“The initial objective of BMVSS, in continuum, was to help the Persons with Disabilities (PwDs), with special focus on the poor. Right from the beginning, a decision was made to provide artificial limbs and other aids totally free of charge,” shares Mehta.
In its first year of functioning, BMVSS was able to provide artificial limbs to 55 beneficiaries.
In the next four decades, the organisation reached every part of the country and even overseas. With 24 branches across cities like Delhi, Mumbai, Hyderabad, Bengaluru, Indore, Varanasi as well as in States like Jammu and Kashmir, Kerala, Gujarat and Assam, BMVSS has aided about 18 lakh individuals till date.
In addition to that, BMVSS has organised 73 on-the-spot artificial limb fitment camps and provided prosthetics to around 30,000 beneficiaries from 30 countries in Asia, Africa and Latin America. This makes BMVSS the world’s largest organisation working for the rehabilitation of the disabled. In fact, BMVSS has successfully managed to help 87,000 in the period of 2018-19 alone.
To understand how BMVSS functions, we ask Mehta about how beneficiaries are identified and what lengths do they go to ensure their needs are met?
“Because our branches are spread all over India, people in need have always been approaching us on their own from the beginning. We believe that the vast publicity we have received purely out of word of mouth has a lot to do with this. Last year alone, we had patients from 555 districts from a total of 672 total districts in India. Also, whenever BMVSS organises on-the-spot artificial limb fitment outreach camps, we have had numerous people coming here on their own. Till date, not a single person was sent back without help,” shares Mehta proudly.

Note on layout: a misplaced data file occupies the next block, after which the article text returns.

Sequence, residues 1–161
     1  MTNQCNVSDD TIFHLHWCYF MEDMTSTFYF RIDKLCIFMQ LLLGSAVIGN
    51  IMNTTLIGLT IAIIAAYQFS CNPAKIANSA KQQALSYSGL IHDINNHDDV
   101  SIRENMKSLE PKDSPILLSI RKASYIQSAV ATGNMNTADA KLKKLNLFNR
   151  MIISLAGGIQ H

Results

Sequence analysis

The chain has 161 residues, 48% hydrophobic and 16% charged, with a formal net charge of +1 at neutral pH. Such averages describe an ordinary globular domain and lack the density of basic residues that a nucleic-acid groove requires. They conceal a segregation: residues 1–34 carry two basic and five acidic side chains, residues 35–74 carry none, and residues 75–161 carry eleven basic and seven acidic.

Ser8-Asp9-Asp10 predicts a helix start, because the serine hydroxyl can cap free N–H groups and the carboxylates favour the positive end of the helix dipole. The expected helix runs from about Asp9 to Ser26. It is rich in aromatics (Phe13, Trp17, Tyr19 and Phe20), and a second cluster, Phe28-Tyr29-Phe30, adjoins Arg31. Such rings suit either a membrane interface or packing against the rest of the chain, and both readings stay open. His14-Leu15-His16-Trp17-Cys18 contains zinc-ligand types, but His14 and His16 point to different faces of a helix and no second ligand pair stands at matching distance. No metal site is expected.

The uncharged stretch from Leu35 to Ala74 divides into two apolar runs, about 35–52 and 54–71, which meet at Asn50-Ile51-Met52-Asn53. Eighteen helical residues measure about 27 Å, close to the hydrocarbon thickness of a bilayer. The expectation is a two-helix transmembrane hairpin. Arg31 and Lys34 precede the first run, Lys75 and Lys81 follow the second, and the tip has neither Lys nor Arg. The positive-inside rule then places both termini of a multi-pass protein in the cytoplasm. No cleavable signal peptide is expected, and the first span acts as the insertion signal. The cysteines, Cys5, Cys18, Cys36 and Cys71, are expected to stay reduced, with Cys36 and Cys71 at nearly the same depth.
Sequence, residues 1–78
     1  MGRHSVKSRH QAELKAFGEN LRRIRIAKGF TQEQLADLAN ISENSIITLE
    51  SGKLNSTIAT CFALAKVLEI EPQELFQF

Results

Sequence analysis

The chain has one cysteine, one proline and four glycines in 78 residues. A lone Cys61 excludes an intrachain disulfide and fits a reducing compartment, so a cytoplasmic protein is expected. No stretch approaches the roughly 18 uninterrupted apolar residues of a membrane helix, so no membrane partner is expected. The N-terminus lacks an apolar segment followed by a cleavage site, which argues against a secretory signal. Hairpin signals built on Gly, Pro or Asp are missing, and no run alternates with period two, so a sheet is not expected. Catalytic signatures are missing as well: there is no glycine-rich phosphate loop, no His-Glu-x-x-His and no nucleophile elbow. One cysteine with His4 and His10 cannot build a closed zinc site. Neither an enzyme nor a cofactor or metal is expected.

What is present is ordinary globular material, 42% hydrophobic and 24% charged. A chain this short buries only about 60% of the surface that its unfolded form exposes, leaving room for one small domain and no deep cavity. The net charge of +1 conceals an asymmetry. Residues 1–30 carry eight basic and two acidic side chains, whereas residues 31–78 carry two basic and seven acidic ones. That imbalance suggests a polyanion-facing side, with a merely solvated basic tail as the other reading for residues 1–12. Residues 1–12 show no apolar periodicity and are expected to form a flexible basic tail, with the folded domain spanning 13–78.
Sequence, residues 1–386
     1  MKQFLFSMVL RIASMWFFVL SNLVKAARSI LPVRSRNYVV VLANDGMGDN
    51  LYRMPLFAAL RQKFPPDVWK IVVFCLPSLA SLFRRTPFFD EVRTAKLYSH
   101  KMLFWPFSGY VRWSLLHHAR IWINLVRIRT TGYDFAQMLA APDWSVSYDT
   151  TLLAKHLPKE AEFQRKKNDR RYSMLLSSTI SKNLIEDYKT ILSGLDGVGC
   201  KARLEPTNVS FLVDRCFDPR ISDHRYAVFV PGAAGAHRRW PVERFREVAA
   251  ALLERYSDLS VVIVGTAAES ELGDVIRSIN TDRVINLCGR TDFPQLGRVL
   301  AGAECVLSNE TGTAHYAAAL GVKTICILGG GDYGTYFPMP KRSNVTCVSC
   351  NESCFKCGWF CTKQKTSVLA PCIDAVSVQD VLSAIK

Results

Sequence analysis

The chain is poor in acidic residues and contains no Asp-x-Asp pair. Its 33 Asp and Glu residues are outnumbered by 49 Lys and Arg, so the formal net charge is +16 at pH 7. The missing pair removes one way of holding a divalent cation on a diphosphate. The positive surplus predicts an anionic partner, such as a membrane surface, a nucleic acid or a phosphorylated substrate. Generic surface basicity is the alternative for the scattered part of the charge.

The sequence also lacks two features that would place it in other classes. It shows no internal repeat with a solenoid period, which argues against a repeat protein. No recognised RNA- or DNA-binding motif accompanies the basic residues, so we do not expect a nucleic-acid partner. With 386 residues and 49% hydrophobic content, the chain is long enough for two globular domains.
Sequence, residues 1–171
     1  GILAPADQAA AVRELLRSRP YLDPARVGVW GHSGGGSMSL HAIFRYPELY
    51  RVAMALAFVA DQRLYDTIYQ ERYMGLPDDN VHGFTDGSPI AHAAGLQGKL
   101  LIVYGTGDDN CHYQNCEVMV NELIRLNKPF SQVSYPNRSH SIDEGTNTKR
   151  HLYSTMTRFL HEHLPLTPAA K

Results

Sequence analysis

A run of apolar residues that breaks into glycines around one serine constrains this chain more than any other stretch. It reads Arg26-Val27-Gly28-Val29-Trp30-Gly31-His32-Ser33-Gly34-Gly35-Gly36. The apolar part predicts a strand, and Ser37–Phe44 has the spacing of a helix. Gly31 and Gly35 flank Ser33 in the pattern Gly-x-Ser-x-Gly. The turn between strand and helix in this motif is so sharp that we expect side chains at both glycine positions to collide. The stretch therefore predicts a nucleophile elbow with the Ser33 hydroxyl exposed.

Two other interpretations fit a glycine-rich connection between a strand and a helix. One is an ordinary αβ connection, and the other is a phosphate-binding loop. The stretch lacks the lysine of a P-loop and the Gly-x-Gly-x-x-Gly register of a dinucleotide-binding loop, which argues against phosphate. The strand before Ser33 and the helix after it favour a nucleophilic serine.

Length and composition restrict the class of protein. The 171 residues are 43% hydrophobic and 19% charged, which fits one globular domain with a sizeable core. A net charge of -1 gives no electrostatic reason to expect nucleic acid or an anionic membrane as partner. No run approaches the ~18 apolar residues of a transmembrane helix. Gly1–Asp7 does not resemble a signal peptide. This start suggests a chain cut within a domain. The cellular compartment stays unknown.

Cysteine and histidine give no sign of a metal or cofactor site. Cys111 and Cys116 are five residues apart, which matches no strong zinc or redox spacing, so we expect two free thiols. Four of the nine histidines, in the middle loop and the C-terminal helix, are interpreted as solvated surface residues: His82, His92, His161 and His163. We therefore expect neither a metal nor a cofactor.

How the Jaipur Foot came into the picture?
For the uninitiated, Jaipur Foot is closest to a human foot, in terms of cosmesis and functions. Fitted with a custom-made socket that is converted into a full artificial limb, Jaipur Foot enables a below-knee amputee to walk, run, trek, swim, squat, sit cross-legged and even walk on uneven terrains. It can be used with or without shoes.
“The original prototype was created by Master Ramchandra Sharma, a craft teacher, who showed it to the doctors at SMS Hospital. Understanding its potential, doctors – Dr P K Sethi, Dr S C Kasliwal and Dr Mahesh Udawat, worked with Sharma and made the Jaipur Foot and its socket in 1968. I got the opportunity to see the Jaipur Foot for the first time when I was getting discharged from the Hospital on 20 May 1969. When BMVSS was set up in 1975, we incorporated the Jaipur Foot technology,” Mehta explains.
He adds that overtime the Jaipur Foot has undergone several and sometimes substantial changes under the aegis of BMVSS.